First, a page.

On Tue, Feb 8, 2011 at 4:36 AM, Arno Kuhl <ak...@telkomsa.net> wrote:

> But it might be an option if done once at the start of each
> search or list request, and then use that temporary modified result set for
> subsequent requests on the same set.

Instead of serializing the articles, you only need their IDs. Using

    $sql .= ' where id in (' . implode(',', $ids) . ')';

you can load the data for a page of results in a single query. Storing the
IDs is much cheaper than the articles.

If the permissions are fairly static (i.e. access for user X to article Y
doesn't change every two minutes) you could create a calculated permission
table as a many-to-many between user and article. Here's the logic flow for
a query:

1. Run the query to find matching article IDs
2. Load permissions from table for all IDs
3. For each article without a calculated permission, calculate it and insert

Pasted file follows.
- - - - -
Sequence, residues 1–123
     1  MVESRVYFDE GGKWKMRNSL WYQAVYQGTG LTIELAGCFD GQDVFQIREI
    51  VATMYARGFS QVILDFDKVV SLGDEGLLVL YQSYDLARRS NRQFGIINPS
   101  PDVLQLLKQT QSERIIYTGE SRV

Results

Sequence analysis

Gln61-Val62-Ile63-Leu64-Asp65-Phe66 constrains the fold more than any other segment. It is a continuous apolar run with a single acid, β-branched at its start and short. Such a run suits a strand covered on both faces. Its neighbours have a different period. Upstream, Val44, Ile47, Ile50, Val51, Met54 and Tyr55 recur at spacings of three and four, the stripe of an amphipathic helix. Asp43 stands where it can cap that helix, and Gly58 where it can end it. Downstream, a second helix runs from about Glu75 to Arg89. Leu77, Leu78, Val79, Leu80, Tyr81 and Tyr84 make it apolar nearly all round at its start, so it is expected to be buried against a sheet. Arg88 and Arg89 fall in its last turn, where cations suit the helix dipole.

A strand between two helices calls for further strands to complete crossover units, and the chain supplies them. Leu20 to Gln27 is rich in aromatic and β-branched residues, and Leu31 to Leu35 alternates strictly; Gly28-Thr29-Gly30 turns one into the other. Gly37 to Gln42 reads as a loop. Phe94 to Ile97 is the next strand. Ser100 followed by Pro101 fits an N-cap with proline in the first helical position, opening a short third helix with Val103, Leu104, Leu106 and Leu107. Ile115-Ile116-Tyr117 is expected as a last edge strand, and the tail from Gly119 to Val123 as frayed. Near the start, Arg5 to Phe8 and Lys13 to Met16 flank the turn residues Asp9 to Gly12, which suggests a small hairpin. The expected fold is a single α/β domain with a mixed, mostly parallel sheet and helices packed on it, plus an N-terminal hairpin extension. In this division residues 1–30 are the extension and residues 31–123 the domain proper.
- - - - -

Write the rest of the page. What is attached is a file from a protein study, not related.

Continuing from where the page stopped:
a row (do a batch insert to save time)

If you flag the query in the middle tier as having been processed as above,
you can join to the calculated permissions each time you need another page.
The downside is that the code that runs the queries has to operate in two
modes: raw and joined to the permissions. If most users end up querying for
all articles, the table could grow. Plus you need to purge rows any time the
permissions for an article/user changes which could get fairly complicated.

On Tue, Feb 8, 2011 at 5:17 AM, Tolas Anon <tolas...@gmail.com> wrote:

> And it's bad form to display articles in search results that aren't allowed
> to be viewed.

On Tue, Feb 8, 2011 at 4:36 AM, Arno Kuhl <ak...@telkomsa.net> wrote:

> Now there's a requirement to not display the article title in category
> lists
> and search results if it cannot be viewed.



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